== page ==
NBA litigation reverses NFL roles
We saw this during the NFL lockout; but in the NBA, the other side is litigating
NBA owners filed two separate legal actions against the players and their union on Tuesday. The actions claim that the players are threatening to (A) decertify their union and then (B) sue the owners under antitrust laws in an attempt to end the owners' lockout. The owners filed one action in federal court in New York and the other with the National Labor Relations Board. The owners' legal actions raise questions about the bargaining process and its effect on the 2011-12 NBA season. Here are some of the questions and their answers.
Decertification, litigation, injunctions, lawyers, judges, threats and counter-threats: This all sounds familiar. Didn't we just go through this in the NFL?
The situation is similar and the legal rules are the same. But there is an important difference. On the day their contract with the owners expired and the lockout began, the NFL players immediately decertified their union and filed an antitrust lawsuit against the owners. NFL players wanted to litigate, while NFL owners wanted to negotiate. In the NBA, it is now the exact opposite. NBA players want to negotiate, while NBA owners want to litigate.
Even though the collective bargaining agreement expired June 30, the National Basketball Players Association has not decertified as a union and has not filed any litigation against the owners. Players and union officials have been meeting and bargaining with the team owners and NBA commissioner David Stern about an agreement that would save the coming season -- unsuccessfully, so far. Both sides offer the usual claims that the other side is not bargaining in good faith. But the players have focused only on bargaining. They have not attempted to open new fronts in the disputes. Instead of filing the antitrust lawsuit that all owners in all sports detest (an antitrust suit raises the possibility of triple damages, and the certainty of huge legal fees), the players have worked only on the bargaining process that has gone on for two years. In his response to the owners' legal actions, union chief Billy Hunter urged NBA owners "to engage with us at the bargaining table and to use more productively the short time we have left before the 2011-12 season is seriously jeopardized."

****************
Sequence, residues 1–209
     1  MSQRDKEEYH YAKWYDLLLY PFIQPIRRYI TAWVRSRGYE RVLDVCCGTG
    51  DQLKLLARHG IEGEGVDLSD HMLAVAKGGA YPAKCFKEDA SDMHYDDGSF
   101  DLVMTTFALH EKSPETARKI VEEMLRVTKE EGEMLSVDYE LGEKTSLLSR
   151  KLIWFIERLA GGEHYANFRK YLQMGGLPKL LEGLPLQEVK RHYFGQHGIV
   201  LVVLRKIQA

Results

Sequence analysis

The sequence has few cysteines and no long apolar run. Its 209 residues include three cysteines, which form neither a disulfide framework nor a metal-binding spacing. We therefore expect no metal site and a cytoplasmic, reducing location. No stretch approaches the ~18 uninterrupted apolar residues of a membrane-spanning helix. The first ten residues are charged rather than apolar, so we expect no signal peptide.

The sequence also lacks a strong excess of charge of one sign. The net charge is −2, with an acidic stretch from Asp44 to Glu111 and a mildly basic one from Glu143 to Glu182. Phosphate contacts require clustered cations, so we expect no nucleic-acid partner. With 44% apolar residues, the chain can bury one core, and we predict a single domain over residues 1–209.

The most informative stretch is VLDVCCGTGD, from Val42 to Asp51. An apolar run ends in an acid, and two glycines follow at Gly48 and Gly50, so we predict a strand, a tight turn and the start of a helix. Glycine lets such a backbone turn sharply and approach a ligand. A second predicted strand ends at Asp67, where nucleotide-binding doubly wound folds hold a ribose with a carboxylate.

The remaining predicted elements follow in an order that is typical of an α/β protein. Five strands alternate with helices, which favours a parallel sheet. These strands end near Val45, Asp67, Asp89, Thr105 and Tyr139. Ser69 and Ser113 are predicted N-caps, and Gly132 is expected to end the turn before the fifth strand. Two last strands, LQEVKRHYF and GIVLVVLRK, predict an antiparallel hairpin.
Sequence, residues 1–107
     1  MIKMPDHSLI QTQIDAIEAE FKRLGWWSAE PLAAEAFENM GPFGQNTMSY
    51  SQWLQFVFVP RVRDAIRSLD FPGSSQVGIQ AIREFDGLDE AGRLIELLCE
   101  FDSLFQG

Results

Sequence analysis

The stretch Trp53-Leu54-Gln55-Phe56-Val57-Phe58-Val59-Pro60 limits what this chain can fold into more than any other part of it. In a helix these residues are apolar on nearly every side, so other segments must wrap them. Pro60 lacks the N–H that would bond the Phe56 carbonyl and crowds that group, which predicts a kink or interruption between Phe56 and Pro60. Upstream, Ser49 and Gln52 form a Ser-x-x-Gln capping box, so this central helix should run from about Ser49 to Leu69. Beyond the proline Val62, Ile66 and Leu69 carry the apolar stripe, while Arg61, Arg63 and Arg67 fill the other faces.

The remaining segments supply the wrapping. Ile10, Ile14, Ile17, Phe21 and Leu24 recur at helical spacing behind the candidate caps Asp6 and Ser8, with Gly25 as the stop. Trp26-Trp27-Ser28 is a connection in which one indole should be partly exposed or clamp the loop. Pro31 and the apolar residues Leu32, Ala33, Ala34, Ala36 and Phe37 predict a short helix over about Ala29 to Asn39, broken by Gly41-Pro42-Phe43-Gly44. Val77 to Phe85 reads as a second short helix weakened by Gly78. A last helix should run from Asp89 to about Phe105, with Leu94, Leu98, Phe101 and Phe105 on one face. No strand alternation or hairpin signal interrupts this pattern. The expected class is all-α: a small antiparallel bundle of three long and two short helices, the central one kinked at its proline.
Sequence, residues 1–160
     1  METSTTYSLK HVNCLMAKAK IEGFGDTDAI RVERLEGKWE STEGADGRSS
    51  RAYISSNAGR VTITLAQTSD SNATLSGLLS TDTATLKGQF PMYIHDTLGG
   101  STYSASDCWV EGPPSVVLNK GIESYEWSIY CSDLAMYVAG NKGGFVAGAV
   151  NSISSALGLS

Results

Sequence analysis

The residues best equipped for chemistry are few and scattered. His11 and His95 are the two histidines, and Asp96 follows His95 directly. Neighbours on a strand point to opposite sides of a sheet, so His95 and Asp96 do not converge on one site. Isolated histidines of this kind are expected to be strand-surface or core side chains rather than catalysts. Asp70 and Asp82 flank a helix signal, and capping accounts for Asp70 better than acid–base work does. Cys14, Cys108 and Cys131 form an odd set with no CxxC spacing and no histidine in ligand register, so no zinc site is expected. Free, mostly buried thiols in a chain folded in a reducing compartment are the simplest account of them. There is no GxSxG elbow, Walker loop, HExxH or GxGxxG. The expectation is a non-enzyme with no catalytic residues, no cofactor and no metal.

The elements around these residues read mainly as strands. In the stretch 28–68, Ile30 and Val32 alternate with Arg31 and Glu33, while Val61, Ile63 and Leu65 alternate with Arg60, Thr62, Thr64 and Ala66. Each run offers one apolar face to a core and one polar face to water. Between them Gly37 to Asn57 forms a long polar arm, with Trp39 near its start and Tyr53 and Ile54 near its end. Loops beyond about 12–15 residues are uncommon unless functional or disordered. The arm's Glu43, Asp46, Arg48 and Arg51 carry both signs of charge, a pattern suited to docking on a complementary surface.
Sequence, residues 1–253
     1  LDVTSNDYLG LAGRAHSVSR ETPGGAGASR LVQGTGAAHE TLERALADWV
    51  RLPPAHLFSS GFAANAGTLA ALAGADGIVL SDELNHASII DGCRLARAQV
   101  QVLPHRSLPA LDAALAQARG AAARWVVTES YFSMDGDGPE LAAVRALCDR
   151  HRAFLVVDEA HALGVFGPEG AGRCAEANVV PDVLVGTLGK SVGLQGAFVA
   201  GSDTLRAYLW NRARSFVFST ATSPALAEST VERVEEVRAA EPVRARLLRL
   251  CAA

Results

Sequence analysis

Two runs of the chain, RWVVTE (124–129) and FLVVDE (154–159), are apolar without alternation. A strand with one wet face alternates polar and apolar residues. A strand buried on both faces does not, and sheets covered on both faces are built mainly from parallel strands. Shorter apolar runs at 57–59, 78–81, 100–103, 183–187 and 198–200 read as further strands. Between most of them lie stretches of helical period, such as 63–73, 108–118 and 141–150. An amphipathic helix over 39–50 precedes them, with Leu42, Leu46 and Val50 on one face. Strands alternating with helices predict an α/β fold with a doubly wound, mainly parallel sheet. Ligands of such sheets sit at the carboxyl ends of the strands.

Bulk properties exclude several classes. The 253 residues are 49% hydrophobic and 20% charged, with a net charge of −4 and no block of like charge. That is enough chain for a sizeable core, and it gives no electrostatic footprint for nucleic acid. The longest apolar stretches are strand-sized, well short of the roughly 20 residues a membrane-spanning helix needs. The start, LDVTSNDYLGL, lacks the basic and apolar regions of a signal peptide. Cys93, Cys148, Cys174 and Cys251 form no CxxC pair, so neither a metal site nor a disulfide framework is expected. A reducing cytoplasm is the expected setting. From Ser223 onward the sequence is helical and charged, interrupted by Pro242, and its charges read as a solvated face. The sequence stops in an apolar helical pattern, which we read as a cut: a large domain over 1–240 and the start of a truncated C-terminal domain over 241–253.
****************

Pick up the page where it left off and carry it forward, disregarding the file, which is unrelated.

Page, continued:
Are there other differences between the NFL and the NBA labor situations?
There is one important difference. NFL players sought leverage in litigation in federal courts. They filed a lawsuit that sought to stop the lockout, and they filed a lawsuit that challenged the NFL's renegotiation of TV network contracts to include lockout clauses. NFL players relied on federal judges to help them level the playing field. NBA players are not yet relying on federal judges to give them leverage. They are relying on the NLRB, the government agency that investigates and decides labor disputes. They filed a serious complaint about the owners' bargaining tactics with the NLRB on May 24 and have twice added additional charges, most recently on July 1, the first day of the lockout. NFL players relied on federal courts and ignored the NLRB. NBA players are ignoring federal courts and relying on the NLRB.
Who will succeed at the NLRB? The owners or the players?
The owners' charge at the NLRB is based on their belief that the players will decertify, which the players have not yet done, and might not do. Even if the players do decertify, it is not a move the NLRB has taken seriously in the past. The more important of the two complaints to the NLRB is the one filed by the players. Based on the facts and the applicable law, the players could easily prevail at the NLRB and obtain a finding from the board that the owners are guilty of unfair labor practices. The players claim that the owners are making "harsh, inflexible and grossly regressive 'takeaway' demands that the NBA knows are not acceptable to the union." If the players can prove the charge, they are well on their way to success.
The NLRB, under President Barack Obama, has been offering more and more support to unions in its decisions. But even though the players appear to have a strong case in the NLRB, the board's decision-making process is so slow that, for example, it never ruled on the NFL owners' complaint about decertification. It was still investigating the charge when the players and the owners reached an agreement to end that lockout. Any victory for NBA players would come at a time when it would be meaningless. The only time an NLRB decision ever made a difference in a sports dispute came in the 1994 baseball work stoppage, which continued into spring training in 1995, allowing the board to complete its work at its usual glacial pace. Its ruling for the baseball players' union was critical in getting the 1995 MLB season started.
If the players have not decertified and are still a union, how can the NBA owners sue them? Doesn't decertification come before litigation?